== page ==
Jakarta Hospital to Offer Latest Brain Cancer Tool
With the World Health Organization predicting cancer cases will double or triple during the next two decades and with developing countries expected to be especially hard-hit, one hospital in Indonesia is getting a head start on the fight.
The Siloam Hospital in Karawaci, Tangerang, will soon possess a cutting-edge tool called the Gamma Knife to aid in cancer treatment.
“We will be the first among Southeast Asian countries to have the most effective tool to treat cancer,” Mochtar Riady, the chief executive and founder of the Lippo Group, which owns Siloam Hospitals, said on Wednesday.
The Jakarta Globe is affiliated with Lippo Group.
“We are going to install this equipment in four months, and the Gamma Knife is an advanced tool to treat brain cancer,” Mochtar said. He added that the sophisticated piece of cancer-fighting equipment came with a steep price tag of $6.5 million.
The Swedish-made Gamma Knife is the world’s most advanced and effective tool to eliminate brain tumors and other neurological tumors, according to Mochtar.
He was speaking while accompanying visiting Swedish Minister for Health and Social Affairs Goran Hagglund in touring the Mochtar Riady Comprehensive Cancer Center in the Siloam Hospital in Semanggi, South Jakarta.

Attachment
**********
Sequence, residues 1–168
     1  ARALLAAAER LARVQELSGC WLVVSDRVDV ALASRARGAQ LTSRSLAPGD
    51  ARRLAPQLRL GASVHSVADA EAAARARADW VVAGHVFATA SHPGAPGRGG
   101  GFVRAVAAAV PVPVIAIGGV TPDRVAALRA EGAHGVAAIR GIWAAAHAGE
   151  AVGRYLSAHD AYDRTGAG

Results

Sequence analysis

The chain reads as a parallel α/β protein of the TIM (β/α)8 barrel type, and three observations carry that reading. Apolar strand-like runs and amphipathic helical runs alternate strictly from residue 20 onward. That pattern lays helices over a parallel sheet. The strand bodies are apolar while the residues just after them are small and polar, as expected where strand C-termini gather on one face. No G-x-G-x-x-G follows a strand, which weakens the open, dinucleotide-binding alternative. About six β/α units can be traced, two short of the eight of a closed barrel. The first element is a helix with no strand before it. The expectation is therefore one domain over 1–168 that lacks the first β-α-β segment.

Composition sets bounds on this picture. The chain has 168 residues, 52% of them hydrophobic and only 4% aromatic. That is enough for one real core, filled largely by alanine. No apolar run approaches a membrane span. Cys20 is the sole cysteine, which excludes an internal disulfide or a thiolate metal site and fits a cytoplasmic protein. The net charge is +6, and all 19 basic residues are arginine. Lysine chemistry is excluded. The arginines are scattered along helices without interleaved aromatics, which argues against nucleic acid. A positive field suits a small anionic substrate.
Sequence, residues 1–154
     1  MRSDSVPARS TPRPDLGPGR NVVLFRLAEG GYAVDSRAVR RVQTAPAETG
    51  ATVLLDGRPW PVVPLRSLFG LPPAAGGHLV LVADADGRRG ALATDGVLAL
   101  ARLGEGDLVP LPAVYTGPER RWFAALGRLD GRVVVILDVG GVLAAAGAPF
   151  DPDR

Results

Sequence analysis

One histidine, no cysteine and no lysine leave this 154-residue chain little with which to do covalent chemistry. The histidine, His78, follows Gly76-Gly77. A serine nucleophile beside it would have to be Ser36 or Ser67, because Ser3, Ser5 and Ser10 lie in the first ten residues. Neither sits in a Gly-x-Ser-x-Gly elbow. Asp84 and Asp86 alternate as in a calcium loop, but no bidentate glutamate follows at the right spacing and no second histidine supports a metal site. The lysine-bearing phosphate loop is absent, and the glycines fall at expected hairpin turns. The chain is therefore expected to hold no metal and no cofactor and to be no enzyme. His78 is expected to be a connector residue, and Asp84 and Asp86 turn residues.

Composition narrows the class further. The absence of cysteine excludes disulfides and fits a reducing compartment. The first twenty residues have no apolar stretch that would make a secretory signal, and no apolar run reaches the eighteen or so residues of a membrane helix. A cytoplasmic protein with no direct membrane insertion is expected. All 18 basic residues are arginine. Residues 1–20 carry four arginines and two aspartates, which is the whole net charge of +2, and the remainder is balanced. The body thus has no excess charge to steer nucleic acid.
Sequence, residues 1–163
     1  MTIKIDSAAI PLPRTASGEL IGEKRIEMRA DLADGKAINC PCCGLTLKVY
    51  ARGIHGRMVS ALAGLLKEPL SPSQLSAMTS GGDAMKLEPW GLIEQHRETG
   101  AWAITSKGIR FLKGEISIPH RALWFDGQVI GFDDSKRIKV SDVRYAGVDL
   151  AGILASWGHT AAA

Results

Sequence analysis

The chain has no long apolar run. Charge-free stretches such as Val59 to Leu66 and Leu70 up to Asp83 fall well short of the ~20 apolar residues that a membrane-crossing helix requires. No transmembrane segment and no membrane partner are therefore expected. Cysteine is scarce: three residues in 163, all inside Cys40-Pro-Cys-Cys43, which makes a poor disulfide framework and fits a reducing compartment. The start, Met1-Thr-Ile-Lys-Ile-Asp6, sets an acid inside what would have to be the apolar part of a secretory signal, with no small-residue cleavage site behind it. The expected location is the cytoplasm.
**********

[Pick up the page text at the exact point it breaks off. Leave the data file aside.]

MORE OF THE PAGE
Hagglund said the Gamma Knife was a success in treating cancer patients in Sweden.
“Now there is stronger demand for health care, and we need to be innovative to find new ways to treat people who are ill,” he said.
Heading a delegation of Swedish health care business representatives, Hagglund said there would be more companies from Sweden coming to invest in health care in Indonesia.
The delegation is on a three-day mission to offer expert knowledge, technology and products to improve the level of health care offered in Indonesia.
“Health care is very important,” Hagglund said. “In Sweden, we have an aging population and the number is likely to rise, and we will come to a situation when they are ill and we need to meet all the health demands.”
New Karolinska University in Sweden is also cooperating with Pelita Harapan University in helping share medical knowledge. Both universities are in the process of establishing a joint teaching hospital in Karawaci.
During the visit, Hagglund also met his Indonesian counterpart, Health Minister Endang Rahayu Sedyaningsih, and the two discussed the possibility for further cooperation and exchanges in the health care sector.
Ewa Polano, Sweden’s ambassador to Indonesia, said: “With a very developed health care sector, Sweden has a lot to offer, and especially now since Indonesia has set off to develop the health care sector. It is a great time for Swedish and Indonesian health care representatives to meet and look into closer cooperation and potential mutual gains.”
Hagglund also stopped by the Cipto Mangunkusumo General Hospital (RSCM) in Central Jakarta to present the management with a gift of warmers for premature babies on behalf of the Swedish government.